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20Dec

Asthma is known to affect millions of people worldwide. It can be triggered by various environmental factors including dust mites, animal fur, smoke and even pollen. For asthmatic patients, the airways in the lungs are very sensitive to irritation and may become inflamed easily, making it harder to breathe. This condition cannot be cured, but it can be managed effectively through the use of asthma inhalers, the most widely prescribed form of treatment. Inhalers provide a dose of preventative or relieving medication directly to the lungs to relax the airways.

How else can patients manage their symptoms better?

Recent studies published in Nature Medicine have reported that vegetables and wholegrain foods may be effective for treating asthma. According to tests carried out on mice, a diet rich in fibre may help reduce inflammation in the lungs, which is one of the primary symptoms of asthma. It is said the increase of processed food consumption may be contributing to the development of this condition.

High fibre diet could help improve asthma symptoms

High fibre diet could help improve asthma symptoms

Researchers have suggested that an answer may be in making a simple dietary change. Consuming foods high in fibre allows a certain kind of bacteria in the stomach to thrive. Bacteria that can feed on soluble fibre produce more short chain fatty acids, which are easily absorbed into the blood. In the tests carried out on mice, it was found that these fatty acids acted on the immune system making the lungs more resistant to irritation. Although the results are not conclusive, this should come as positive news for asthma patients. By adding more fibre to their diet, their symptoms may be reduced.

Can eating a healthy diet help asthma patients?

Lots of wholegrains, fruit and nuts could help people with asthma

Lots of wholegrains, fruit and nuts could help people with asthma

Though no conclusive research has been carried out into this area, some researchers claim there are certain things patients can do to alleviate asthma symptoms. However, almost all researchers agree that there are no miracle diets to cure the condition. Here are six quality sources of fibre that patients can add to their diet:

Wholemeal and wholegrain: Stick to wholemeal and wholegrain labels when buying bread, pasta and rice. These provide a higher source of fibre.

Beans and legumes: Unless they have been coated in sugary sauces, all beans and legumes are a great nutritional choice. They are high in fibre and contain antioxidants.

Nuts: Walnuts, pecans and almonds contain the most fibre.

Oats: Another great source of fibre. Add some of the aforementioned nuts into a bowl of porridge and enjoy a fibrous breakfast.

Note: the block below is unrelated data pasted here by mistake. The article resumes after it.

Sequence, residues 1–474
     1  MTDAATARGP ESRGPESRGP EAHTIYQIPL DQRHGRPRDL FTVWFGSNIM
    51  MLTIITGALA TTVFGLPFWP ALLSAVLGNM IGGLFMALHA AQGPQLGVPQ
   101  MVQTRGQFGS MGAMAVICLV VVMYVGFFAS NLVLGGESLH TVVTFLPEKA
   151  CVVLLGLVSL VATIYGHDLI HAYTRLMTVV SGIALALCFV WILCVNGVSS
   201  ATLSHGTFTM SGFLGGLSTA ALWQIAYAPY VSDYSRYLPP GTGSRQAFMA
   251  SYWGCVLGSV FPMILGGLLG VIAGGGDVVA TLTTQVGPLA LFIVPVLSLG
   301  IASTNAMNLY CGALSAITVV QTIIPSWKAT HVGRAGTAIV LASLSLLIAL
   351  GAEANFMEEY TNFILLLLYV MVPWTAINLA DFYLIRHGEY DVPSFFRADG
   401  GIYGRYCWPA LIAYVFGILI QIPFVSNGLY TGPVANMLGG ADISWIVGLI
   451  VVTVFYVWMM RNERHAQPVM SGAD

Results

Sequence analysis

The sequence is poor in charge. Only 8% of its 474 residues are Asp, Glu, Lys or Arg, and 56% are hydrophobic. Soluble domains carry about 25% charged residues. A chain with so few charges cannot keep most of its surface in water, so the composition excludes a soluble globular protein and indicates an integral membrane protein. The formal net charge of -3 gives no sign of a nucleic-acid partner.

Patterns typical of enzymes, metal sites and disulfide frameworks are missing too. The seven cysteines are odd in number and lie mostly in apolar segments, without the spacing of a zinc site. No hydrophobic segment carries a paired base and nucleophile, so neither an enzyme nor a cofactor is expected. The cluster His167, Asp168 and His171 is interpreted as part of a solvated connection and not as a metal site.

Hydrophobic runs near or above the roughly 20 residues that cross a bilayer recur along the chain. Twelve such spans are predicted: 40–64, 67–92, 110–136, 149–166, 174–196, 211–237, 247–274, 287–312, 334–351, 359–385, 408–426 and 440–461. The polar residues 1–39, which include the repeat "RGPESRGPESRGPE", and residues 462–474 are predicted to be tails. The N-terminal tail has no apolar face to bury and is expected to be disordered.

Fruit and vegetables: One average sized apple alone contains 2g of fibre. Having a diet rich in fruit and vegetables is a basic recommendation for most people.

Jacket potato: eating the skin is the important part. One small jacket potato has around 3g of fibre.

Eating a diet high in fibre is very important for digestive health too because it helps with weight loss and lowering cholesterol levels. According to NHS recommendations, people should be eating 18g of fibre on a daily basis. However recent stats have shown that most people only eat 14g.

  

Ruth

An allergy and health writer and freelance copywriter, Ruth is passionate about helping those with allergies and food intolerances take control, embrace their condition, and learn to live with and love who they are. It can be very lonely finding you have allergies and discovering what helps you can be a life long journey. What works for one person won't work for another, so after trying nearly every allergy treatment under the sun and finding hours of research necessary to keep abreast of what's going on, Ruth started writing her blog, What Allergy? in April 2009. Ruth has life threatening allergies herself to all nuts, all diary, tomatoes and celery and knows first-hand what it's like to have an anaphylactic attack. Voted in the Top 5 UK allergy blogs by Cision UK in 2011, What Allergy is packed full of interesting articles, hints and tips and product reviews which are a must read for anyone with allergies, food intolerances or sensitivities, asthma and eczema. From subjects such as "What is celery allergy?" to "Surviving a holiday abroad with allergies", it's packed with useful and interesting information. You can register free for a weekly newsletter by visiting her website http://whatallergy.com/ and also keep in touch by following her on Facebook and Twitter.

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